Jiminy Glick in Lalawood
Columbia/Tri-Star // R // $24.96 // October 4, 2005
Review by Scott Weinberg | posted October 1, 2005
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The Movie

Martin Short is a guy capable of truly hilarious comedy. I know this because he somehow manages to squeeze just a few chuckles out of the generally terrible TV-to-movie adaptation known as Jiminy Glick in Lalawood. One could take the "glass half empty" approach and wonder how Short manages to deliver only a half-dozen mild chuckles after 90-some minutes on the screen -- while I choose to be a bit kinder and say "Meh, not great, but it's got some solid laughs." Plus it's clearly made for the movie geeks, so I have to give it a head-start just for that reason.

Former SNL standout, celebrated stage performer, and deliverer of genuinely hilarious performances in Three Amigos, Innerspace, and Father of the Bride, Martin Short is one of those amiable talk-show staples who feels like an old pal. Sure, he might not be as consistently amusing as he was 15 years ago, but he's always a welcome presence in movies, TV, whatever. Martin Short is an easy comedian to like.

So when he popped up on TV a few years back playing a satirical entertainment reporter called Jiminy Glick, I considered it an amusing little novelty. But as so often happens with amusing little novelties -- it grew into an unnecessary and misshapen piece of cinematic "whatever."

The story here is that Jiminy Glick, entertainment reporter out of Butte, Montana, is heading up to the Toronto Film Festival to (hopefully) rub elbows with the stars. But since Jiminy is a small-market nobody, as well as a blithering buffoon, he doesn't really get the red-carpet treatment. But after he interviews a moronic film director, Jiminy becomes the talk of the festival, which allows Mr. Short to enlist old pals like Kevin Kline, Kurt Russell, Steve Martin, and many others, for cameo appearances that are more "pleasantly amusing" than they are "laugh out loud hilarious."

But Lalawood has a nasty case of schizophrenia; When Short chooses to focus on lampooning the world of junket journalism and the self-important imbeciles who populate that world, the movie's pretty spot-on and intermittently quite funny. Much of this section of the flick has an off-the-cuff and (obviously) improvisational air. On the other end of the spectrum, in every conceivable fashion, is a lumbering subplot that involves a murder, a mystery, and the bizarre presence of Martin Short as director David Lynch.

Considering how often Short's central story fumbles the ball, it's a very good thing that the comedian remembered to enlist some grade-A supporting players. Improv genius David Michael Higgins scores a whole lot of laughs as a profane and clueless Euro-trash movie director; Corey Pearson earns a few strong chuckles as clueless indie darling; and Carlos Jacott steals a scene or two as a smarmy executive producer. Also quite amusing are a pair of interviews segments that Glick holds with Steve Martin and Kurt Russell. And it's pretty telling when the very best parts of your "movie version" -- are the exact same things that worked just fine on the "TV version."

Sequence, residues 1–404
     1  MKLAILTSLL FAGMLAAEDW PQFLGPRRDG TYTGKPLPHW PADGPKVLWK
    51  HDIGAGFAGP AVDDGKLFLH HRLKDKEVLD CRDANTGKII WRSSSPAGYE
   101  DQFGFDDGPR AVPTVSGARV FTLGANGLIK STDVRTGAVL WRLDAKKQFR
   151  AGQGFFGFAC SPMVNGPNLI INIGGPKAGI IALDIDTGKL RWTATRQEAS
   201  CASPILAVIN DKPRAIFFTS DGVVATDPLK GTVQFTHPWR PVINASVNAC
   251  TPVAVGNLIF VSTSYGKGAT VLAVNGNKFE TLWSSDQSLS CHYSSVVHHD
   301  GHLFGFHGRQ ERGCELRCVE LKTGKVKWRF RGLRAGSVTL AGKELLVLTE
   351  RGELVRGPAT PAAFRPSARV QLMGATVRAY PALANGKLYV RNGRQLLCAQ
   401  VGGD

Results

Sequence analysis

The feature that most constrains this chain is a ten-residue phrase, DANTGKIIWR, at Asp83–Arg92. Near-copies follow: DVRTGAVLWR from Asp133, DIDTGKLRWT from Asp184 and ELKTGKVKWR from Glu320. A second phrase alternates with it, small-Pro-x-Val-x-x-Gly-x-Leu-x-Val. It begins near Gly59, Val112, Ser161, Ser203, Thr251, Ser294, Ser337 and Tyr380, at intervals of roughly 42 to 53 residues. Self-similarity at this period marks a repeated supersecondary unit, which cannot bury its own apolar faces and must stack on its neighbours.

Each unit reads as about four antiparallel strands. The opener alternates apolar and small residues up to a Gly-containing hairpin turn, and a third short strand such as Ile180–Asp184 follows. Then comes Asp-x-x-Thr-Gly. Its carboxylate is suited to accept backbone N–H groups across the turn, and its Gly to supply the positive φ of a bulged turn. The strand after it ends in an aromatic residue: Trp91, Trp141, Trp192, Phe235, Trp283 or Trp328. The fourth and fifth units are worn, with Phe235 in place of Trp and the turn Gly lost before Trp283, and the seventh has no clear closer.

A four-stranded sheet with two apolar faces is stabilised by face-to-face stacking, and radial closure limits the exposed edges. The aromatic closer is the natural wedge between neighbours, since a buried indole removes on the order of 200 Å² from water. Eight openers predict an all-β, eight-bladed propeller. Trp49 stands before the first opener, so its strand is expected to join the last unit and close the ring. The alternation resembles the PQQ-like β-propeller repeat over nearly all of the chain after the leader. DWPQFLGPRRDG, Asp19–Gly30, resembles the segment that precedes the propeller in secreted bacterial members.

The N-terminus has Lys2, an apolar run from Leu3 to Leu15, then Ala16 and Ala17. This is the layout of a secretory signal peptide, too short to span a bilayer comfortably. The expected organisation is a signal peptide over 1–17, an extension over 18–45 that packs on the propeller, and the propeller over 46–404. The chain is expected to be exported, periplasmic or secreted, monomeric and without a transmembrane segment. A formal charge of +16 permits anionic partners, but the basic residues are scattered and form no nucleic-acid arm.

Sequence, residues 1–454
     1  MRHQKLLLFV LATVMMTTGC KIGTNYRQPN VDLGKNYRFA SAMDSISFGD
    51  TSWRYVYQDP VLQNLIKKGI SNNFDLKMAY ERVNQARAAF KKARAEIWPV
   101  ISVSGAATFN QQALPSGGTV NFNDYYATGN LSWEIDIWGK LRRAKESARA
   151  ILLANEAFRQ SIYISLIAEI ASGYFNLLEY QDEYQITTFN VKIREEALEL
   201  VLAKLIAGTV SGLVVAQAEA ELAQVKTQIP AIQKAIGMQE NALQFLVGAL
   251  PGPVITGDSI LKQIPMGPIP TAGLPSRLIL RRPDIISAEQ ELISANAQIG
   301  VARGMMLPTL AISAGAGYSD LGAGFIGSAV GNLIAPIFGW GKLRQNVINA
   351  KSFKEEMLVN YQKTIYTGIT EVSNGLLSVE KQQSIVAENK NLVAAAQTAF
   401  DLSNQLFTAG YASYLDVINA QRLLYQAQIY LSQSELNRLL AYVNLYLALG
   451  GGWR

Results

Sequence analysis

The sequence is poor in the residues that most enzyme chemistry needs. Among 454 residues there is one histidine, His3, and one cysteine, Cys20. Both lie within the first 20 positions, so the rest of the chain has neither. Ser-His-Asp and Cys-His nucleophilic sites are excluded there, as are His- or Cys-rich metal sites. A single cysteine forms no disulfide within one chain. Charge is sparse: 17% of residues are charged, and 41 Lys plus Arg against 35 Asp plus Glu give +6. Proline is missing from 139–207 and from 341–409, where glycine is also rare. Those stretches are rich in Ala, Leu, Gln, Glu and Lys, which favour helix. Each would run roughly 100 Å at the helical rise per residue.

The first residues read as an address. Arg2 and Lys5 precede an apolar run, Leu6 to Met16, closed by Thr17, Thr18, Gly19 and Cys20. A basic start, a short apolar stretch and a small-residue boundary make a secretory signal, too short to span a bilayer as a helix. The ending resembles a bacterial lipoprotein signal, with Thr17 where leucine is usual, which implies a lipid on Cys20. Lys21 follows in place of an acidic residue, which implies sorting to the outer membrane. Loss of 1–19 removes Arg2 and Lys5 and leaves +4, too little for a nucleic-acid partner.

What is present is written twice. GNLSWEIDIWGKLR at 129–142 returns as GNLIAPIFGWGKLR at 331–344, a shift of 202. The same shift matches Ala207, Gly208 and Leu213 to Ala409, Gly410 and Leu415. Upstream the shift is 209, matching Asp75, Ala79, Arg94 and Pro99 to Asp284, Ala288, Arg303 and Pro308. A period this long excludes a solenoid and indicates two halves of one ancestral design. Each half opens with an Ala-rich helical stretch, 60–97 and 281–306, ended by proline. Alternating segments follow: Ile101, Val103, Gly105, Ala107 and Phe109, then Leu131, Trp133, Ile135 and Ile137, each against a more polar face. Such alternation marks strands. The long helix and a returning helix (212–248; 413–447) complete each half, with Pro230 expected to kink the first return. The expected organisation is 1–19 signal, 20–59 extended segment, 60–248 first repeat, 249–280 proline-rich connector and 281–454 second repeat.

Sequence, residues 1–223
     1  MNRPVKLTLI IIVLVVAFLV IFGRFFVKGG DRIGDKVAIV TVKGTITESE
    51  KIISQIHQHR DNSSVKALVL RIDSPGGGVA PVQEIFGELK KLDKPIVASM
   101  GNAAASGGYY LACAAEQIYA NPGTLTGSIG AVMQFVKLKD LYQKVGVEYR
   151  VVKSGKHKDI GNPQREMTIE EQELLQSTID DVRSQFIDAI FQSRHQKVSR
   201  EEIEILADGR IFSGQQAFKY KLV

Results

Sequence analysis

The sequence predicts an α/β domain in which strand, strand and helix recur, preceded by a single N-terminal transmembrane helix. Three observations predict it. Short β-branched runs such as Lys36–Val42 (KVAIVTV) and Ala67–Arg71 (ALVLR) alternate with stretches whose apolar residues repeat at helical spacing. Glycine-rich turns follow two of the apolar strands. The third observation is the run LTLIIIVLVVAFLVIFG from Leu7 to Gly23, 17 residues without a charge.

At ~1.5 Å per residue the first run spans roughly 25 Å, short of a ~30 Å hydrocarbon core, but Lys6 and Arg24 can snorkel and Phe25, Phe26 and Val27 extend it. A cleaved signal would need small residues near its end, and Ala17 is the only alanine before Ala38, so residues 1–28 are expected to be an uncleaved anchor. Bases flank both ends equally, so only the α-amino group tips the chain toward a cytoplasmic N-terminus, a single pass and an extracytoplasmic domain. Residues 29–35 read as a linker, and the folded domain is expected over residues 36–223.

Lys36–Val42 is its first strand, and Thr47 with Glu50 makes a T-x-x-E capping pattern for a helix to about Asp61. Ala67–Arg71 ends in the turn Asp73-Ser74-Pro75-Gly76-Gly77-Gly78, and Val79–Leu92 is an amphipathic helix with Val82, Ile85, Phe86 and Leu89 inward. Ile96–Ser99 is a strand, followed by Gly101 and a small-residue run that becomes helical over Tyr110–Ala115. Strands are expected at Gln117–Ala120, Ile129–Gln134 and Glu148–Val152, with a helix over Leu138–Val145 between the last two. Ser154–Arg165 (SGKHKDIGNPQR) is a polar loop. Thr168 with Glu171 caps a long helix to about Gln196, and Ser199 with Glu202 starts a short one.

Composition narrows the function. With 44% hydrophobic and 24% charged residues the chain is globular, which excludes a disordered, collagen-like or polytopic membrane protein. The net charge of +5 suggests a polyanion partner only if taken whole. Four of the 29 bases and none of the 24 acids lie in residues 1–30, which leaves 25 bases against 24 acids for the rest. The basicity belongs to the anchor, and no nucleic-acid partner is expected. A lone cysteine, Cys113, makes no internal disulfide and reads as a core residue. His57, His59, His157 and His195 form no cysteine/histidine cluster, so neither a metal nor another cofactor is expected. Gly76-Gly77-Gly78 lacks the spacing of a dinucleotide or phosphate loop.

But that's the main problem with Jiminy Glick in Lalawood; it's ten minutes of dead air in order to get one solid belly laugh. It's easy to assert that there's simply not enough meat on the Jiminy Glick bones to warrant a feature-length comedy vehicle, which is why I choose to assert such a thing right now. Take the very best moments of this overlong farce, and wedge 'em into a 30-minute Jiminy Glick special on Comedy Central, and you'd really have something. Unfortunately, this version runs about 90 swollen minutes, and there's simply not enough of a foundation to support such a flimsy structure.

Again, it's always great to see Marty Short on my TV screen; Here's hoping his next project is more worthy of the guy's skills, because this Jiminy Glick character grows real old, real fast.


Video: The film is presented in a rather handsome Anamorphic Widescreen (1.85:1) format, and the picture quality is quite strong indeed. It's a low-budget comedy flick, but the transfer is rather impressive.

Audio: Dolby Digital 5.1 Surround, with optional subtitles in English, Spanish, and French.

Extras: A pair of audio commentaries should certainly please the Glick faithful. The first one is with Martin Short and his writing/producing partners Michael Shirt & Paul Flaherty. As expected, any audio track with Martin Short on it is bound to be a little goofy, but there's also lots of background info on the flick to be found. The second commentary is a solo track with director Vadim Jean, which is quite dry by comparison, but hey, if you're a diehard Jiminy Glick in Lalawood enthusiast, you'll enjoy the director's input.

You'll also find a 16-minute block of deleted scenes, and a pair of trailers for Spaceballs: Collector's Edition and "MGM Means Great Movies."

Final Thoughts

I'm sure there's a really great satire waiting to be written about the tacky and obsequious nature of (nearly all) "entertainment journalists," but unfortunately, Jiminy Glick in Lalawood is not it. And even when the flick does land a good shot to the chops of Hollywood's faker side, it's followed by a fairly interminable subplot that nearly ruins all the fun.

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